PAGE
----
Exhibit Offers Clues to Rockwell’s Sentiments

Christian Science Monitor

For the record, Norman Rockwell was a liberal Democrat, but one would generally be hard-pressed to figure that out from his paintings. Rockwell (1894-1978) prided himself on never revealing his own opinions. “He painted a portrait of Kennedy and one of Nixon and dared people to figure out whom he was voting for,” Laurie Norton Moffatt, director of the Norman Rockwell Museum, says.

Rockwell did have some partisan interests, however, such as the civil rights movement, but the problem for an illustrator whose main job is to interpret images in other people’s writing is how not to compromise his own beliefs. The tension between the fine and the commercial artist is quite evident in “One Nation Indivisible?,” the exhibit at the Norman Rockwell Museum on Main Street in Stockbridge, Mass., which highlights how the artist depicted blacks over the decades.

This is the first of a series of exhibitions beginning this year--itself a noteworthy event for a museum whose permanent exhibitions have tended to change only subtly from one year to the next--that will examine the artist and his work more closely and, in this case, in a sociological context. Other displays highlighting how war or the development of technology affected America as seen through Rockwell’s work are planned.

The sociological approach raises some knotty questions, however. Does one see in these works the ideas of the artist? Or of the mass media? Or of some combination of the two? Maureen Hart Hennessey, the Rockwell Museum curator who organized this exhibit, notes that by the 1950s, “Rockwell was of such stature that, had he been assigned to illustrate a story that was against his personal beliefs, he was in the position to turn it down.” The content of the imagery, then, can be assumed to at least coincide with the artist’s point of view. There is not a terribly strong sense of the artist’s own voice, but with Rockwell, that may be all one can get at times.


Race relations were as thorny a subject as Rockwell would ever tackle, and, in his customary manner, he shied away from advocacy and focused on lives of common people.

The earliest works tend to treat race issues by ignoring them. (Presumably, the exhibition is suggesting that Rockwell was mirroring the country’s refusal to deal with these issues.) Both “Woman Fallen From Horse” (1930s) and “Boy in a Dining Car” (1946) show well-to-do whites being attended by blacks. In the first picture, it is a stableboy in raggedy clothes pointing to where the horse had run off; in the second, a young man worriedly looks over a check trying to figure the tip while an older black waiter watches with a smile.

A work from 1961 that is a Saturday Evening Post cover is called “The Golden Rule” and has a United Nations theme. The painting shows peoples of all races and religions, and from all continents, clad in native dress. The words “Do unto others as you would have them do unto you” is printed across the cover. The suggestion of tolerance and understanding for others “truly expressed his deepest beliefs,” Moffatt says. “He believed in acceptance and love of all mankind and wanted to feature man in a positive, humane role. I think that is what appealed to him about the United Nations.”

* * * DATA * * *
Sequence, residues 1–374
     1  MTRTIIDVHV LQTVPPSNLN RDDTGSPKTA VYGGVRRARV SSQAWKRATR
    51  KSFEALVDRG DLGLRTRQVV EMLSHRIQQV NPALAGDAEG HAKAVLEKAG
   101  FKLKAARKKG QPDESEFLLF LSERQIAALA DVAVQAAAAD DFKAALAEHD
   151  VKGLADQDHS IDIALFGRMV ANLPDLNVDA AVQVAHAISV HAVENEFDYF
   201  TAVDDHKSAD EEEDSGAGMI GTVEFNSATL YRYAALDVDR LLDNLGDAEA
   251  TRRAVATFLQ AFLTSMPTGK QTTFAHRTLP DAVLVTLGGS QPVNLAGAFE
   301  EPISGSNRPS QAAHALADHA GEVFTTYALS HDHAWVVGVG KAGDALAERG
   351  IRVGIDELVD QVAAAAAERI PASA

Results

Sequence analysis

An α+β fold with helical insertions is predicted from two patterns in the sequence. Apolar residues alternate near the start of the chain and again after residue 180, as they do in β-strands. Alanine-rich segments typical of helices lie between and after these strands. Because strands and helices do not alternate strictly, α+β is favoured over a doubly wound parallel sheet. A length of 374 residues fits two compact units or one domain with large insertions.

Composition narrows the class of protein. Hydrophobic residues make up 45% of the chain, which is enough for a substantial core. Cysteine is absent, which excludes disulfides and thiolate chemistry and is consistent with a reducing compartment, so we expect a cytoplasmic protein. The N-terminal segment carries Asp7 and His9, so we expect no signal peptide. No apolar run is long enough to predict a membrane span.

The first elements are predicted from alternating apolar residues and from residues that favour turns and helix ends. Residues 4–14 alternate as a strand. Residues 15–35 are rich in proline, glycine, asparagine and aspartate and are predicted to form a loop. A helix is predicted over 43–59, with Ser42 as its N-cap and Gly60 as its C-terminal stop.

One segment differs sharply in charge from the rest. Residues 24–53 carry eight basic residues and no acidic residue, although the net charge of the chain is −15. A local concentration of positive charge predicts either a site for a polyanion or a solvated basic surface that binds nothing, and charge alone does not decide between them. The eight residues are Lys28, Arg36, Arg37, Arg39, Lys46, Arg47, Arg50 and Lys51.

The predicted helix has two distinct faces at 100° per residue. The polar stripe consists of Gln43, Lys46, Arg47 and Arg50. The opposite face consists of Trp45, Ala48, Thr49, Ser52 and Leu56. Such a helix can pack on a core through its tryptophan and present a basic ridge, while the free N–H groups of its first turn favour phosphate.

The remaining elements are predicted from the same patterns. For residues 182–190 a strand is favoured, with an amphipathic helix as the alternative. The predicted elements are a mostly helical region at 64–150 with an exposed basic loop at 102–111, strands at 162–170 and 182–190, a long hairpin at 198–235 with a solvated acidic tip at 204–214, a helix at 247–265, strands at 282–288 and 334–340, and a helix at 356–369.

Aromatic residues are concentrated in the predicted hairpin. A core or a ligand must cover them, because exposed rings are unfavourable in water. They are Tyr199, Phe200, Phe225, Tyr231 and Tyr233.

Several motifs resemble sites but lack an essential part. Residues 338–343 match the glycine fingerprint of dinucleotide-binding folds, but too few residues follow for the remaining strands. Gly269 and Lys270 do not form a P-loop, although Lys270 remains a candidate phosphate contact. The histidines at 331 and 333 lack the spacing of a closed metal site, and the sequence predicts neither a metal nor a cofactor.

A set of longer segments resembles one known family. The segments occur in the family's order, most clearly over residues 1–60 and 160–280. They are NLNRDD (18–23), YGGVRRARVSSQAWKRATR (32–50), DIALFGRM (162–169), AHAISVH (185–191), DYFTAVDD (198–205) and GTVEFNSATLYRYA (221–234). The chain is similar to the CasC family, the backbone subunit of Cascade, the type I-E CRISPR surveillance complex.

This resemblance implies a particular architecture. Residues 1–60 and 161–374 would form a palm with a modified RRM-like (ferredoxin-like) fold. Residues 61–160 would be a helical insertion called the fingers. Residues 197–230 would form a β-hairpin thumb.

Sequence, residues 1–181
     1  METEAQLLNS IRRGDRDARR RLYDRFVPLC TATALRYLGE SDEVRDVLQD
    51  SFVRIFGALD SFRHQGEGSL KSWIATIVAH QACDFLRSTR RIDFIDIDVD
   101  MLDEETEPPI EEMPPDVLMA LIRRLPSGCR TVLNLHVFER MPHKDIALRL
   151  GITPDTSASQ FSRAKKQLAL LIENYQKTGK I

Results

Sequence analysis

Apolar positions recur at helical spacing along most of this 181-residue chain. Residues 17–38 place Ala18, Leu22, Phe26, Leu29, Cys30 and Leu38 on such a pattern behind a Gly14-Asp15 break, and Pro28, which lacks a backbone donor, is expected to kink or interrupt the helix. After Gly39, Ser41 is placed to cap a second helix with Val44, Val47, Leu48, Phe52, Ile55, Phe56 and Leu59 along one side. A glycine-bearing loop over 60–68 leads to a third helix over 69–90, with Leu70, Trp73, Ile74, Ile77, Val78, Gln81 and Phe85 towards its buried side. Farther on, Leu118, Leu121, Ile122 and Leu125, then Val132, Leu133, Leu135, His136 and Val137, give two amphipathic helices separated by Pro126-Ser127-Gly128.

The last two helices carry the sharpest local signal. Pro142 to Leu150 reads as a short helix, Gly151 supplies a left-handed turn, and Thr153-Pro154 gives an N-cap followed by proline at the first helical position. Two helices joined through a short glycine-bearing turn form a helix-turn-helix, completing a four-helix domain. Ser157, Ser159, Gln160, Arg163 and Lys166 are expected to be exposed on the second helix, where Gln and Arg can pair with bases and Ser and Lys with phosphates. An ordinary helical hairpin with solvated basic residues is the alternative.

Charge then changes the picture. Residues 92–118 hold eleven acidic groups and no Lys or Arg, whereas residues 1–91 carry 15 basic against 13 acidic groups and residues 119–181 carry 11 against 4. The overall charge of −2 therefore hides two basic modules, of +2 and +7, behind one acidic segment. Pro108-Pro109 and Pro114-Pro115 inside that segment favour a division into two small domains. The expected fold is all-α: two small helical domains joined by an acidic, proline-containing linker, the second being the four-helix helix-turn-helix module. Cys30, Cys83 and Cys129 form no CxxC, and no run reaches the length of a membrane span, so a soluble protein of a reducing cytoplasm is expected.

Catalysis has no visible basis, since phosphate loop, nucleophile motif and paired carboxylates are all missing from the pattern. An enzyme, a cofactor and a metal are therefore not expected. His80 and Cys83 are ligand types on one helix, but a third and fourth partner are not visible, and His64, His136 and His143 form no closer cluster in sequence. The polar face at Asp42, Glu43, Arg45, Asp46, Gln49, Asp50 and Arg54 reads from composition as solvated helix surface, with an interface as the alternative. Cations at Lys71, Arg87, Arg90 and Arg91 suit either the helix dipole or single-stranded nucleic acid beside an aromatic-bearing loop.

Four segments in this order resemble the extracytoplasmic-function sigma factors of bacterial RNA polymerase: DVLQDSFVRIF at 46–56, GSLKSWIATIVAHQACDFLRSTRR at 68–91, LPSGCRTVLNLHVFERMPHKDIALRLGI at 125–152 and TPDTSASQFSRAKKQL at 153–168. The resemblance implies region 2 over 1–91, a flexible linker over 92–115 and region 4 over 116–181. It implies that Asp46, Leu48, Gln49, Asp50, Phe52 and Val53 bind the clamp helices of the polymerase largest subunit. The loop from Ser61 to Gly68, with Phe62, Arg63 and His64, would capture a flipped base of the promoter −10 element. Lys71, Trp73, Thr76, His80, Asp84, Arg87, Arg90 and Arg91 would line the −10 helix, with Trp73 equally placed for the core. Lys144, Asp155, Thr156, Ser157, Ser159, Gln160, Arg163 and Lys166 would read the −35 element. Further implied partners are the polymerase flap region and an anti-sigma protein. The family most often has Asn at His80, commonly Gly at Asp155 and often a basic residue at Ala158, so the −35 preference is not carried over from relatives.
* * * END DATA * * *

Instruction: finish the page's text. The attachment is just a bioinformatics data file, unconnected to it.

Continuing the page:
Moffatt notes that “there is a widely shared perception of Rockwell that he concentrated his efforts on sentimental visions of white middle-class people.” Rockwell may have been aware of that perception and may have wanted to change it; he was certainly unhappy with some of the later Saturday Evening Post editors, who had fewer and fewer challenging assignments for him. Rockwell’s work had been associated with the Post since 1916.

Rockwell had been looking for a change. His wife died in 1959, and the next year he took an adult education painting class in Stockbridge, perhaps to loosen up his characteristically precisionist style of realism. He left the Post in 1963 to work for Look magazine, which published some of his most personally expressive work.

“He changed the whole style of his work after 1963,” Moffatt said. His “subject matter became more current-events material. He traveled all over the world and did paintings on the Peace Corps, on the Soviet Union, on the Mideast. He also began painting some of the problems of the time.”

Among the paintings used in Look are “The Problem We All Live With” (1964) and “New Kids in the Neighborhood” (1967), both of which focus attention on young children and place blacks at the center of the picture rather than as observers of the action.

“The Problem We All Live With” shows a young black girl in a starched white dress being escorted to an all-white elementary school in New Orleans by four federal marshals as part of a controversial integration order, and we look down on her both figuratively and literally. The marshals are visible only up to their shoulders, and the girl walks by a wall where the word Nigger has been written and where a tomato was recently thrown. Her head is down; she is perhaps trying not to see.